Promoting Non-Fiction

This starts for Jim even before he has started writing the book, he will post on social media that he is thinking about writing a book. Suddenly he gets lots of ideas and suggestions for the book, as well as building excitement about the book before word one has been written. Put up chapters for free in exchange for an email address – these will be very useful when your book launches. One of the most valuable steps indie authors can take in terms of marketing is starting, and then building their mailing list. The idea of indie authors figuring out what the market wants before starting on a writing project has been discussed on many other episodes and is very important.

As with writing, the key to marketing, is starting today. Get in touch with people, start building a platform – a mailing list, a social media presence, a blog.

Selling Elsewhere

There are pages on the internet where non-fiction books sell for a lot. These pages often are really long and have prices ending in a 7 (e.g. $27, $37) – these are the highest converting pages on the internet. People don’t expect books to be low cost as they tend to expect on Amazon. If you are not exclusive with Amazon, you can also go and put up your book on ClickBank and see if you can find an affiliate to sell it for you. One of the great advantages that indie authors have is that they can experiment with this sort of thing without having to talk to their publisher.

Quotes:

“Boy I could be making 70% of every book sold on Amazon as opposed to get a buck from everyone Wiley puts out”

“All they really did was put a hardcover on it and print thousands and thousands of copies”

“I firmly believe the future of every author is selling direct to your fans”

“The key here is this: You need to do it!”

“If you try and just keep trying, you’ll see results”

 

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Leave a comment below or get in touch with Simon by email at simon@rockingselfpublishing.com

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Simon WhistlerEpisode # 30 – The Future for Indie Authors with Jim Kukral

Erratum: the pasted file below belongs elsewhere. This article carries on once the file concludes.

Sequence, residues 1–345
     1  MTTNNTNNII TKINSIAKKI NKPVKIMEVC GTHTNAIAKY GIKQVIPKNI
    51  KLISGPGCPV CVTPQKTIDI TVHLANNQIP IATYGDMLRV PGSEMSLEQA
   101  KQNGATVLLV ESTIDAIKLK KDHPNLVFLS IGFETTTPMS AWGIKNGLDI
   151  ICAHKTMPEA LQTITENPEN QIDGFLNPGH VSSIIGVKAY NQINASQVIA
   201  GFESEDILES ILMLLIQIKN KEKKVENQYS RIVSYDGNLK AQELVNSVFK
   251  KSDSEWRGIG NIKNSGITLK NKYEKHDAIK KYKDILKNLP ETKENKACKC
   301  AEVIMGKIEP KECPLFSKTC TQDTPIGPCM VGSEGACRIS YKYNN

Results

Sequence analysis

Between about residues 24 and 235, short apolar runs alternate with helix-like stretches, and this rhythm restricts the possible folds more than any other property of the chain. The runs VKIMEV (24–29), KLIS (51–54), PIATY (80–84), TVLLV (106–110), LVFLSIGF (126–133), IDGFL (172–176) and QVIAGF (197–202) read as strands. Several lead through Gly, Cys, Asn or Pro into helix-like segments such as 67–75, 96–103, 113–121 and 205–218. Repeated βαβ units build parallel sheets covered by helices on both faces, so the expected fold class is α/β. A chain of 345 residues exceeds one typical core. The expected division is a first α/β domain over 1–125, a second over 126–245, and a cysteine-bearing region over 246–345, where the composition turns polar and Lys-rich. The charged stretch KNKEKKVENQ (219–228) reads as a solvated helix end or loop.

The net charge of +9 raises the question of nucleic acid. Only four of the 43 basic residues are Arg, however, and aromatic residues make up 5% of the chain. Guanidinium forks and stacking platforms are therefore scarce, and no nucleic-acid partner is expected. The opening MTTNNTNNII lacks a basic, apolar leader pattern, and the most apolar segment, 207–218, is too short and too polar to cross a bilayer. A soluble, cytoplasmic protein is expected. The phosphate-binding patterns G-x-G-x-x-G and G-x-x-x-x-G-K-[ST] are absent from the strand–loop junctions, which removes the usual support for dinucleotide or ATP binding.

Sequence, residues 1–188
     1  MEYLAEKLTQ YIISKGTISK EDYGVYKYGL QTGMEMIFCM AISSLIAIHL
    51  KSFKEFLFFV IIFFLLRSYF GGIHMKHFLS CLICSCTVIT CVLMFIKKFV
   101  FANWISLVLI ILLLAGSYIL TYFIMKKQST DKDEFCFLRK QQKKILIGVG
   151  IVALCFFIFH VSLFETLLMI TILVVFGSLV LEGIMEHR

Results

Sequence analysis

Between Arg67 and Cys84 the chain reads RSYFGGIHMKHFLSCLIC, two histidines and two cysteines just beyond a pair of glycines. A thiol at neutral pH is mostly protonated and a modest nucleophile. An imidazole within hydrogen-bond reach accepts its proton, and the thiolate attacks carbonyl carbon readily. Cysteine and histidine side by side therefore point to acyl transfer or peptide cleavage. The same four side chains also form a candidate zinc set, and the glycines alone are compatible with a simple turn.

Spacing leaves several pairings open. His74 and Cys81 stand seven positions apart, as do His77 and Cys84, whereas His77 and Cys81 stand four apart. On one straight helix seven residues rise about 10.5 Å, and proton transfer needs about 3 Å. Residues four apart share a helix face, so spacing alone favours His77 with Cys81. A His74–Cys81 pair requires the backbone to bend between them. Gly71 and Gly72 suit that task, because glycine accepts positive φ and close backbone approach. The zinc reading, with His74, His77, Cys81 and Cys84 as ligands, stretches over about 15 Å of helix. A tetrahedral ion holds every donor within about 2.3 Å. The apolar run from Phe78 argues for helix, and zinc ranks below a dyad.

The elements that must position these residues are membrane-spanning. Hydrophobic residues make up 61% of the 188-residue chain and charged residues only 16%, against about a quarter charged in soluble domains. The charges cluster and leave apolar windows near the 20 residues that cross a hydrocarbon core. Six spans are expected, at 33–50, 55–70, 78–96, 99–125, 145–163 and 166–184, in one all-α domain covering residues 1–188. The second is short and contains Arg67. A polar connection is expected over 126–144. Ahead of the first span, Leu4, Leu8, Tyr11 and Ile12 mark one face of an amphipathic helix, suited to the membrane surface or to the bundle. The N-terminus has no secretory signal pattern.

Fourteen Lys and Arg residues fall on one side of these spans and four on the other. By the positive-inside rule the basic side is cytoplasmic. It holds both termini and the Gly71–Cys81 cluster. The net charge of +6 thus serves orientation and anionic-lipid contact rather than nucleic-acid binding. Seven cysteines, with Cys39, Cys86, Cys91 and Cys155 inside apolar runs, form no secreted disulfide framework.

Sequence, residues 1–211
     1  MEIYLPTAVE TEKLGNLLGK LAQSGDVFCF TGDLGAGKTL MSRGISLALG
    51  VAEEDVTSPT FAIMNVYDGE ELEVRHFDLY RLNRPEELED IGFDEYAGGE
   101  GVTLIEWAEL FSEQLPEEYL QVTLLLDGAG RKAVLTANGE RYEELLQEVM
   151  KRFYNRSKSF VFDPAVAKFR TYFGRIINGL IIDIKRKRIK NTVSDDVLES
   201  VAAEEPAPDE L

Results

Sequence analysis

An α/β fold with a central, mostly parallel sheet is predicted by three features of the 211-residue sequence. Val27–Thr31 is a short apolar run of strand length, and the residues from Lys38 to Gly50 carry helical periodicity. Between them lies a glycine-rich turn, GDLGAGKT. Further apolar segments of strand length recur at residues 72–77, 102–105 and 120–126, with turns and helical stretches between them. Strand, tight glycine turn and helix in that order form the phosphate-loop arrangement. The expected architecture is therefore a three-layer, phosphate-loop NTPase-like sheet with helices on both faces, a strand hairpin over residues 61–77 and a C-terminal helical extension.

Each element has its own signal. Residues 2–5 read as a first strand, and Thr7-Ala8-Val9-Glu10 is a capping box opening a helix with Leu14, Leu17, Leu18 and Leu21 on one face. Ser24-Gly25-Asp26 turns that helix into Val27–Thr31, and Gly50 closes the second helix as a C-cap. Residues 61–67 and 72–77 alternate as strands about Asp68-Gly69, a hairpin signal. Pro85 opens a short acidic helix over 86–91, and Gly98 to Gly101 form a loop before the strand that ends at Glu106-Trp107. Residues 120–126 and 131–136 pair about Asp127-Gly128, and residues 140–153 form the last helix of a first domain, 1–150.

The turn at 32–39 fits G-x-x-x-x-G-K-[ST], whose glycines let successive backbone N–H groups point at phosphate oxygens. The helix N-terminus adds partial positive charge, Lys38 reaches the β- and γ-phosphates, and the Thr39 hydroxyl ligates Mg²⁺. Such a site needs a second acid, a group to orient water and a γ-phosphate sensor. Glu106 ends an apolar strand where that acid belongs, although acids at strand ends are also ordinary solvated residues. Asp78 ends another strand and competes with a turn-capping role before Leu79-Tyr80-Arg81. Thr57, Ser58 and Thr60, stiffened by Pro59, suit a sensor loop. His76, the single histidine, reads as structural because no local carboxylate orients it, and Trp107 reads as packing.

• Thanks for having me on the show! Had a great time.

    • SimonRSP

      You’re most welcome Jim, thanks for joining me 🙂

  • R.M. Prioleau

    On the mention of the ‘review grabber’ on the Author Marketing Club, I have mixed feelings about using this tool to inquire for reviews. Many people who review books do so on their own whim, not being asked by authors to review books. There are many people out there who get turned off by authors asking for reviews of books if that’s not something they explicitly do. Even me, as someone who reads and reviews books on Amazon would get a little annoyed if I was being sent dozens of emails from authors asking to review their books just because they saw I reviewed a book or they somehow managed to get my email address to do this without my permission.

    I would personally inquire for reviews at book reviewer sites, and reading their guidelines carefully to make sure that they are currently accepting reviews. It’s a little extra work, but worth it in the end for the sake of an author’s reputation.

  • Just finished listening to the intro – I’m looking forward to your book on indie audio books! I’ve been meaning to do it for a long time, but I just started recording my book with my daughters doing the reading. My book is for kids, so I thought that would be appropriate. I’m recording it myself with just a microphone, as you put it. And I’m learning how to edit in audacity. My plan is to put it up as episodes on itunes for free. Children’s book readers are really hard to reach, so I’m trying new things.

    • SimonRSP

      Sounds like a fun project, today’s episode is about children’s books so I hope it is of some interest to you :). I just heard about the service “Distrokid” from a listener which allows you to upload to iTunes, Spotify, Google Play and Amazon rather easily. Maybe of some use :).

      • Thank you. We are an android/PC family, except for two ipods, so I will check that out. I’ll download today’s episode now.

        Oh, and as I listened further. I really liked how you played devil’s advocate and asked the questions I was thinking in this interview. And I found Jim’s answers interesting.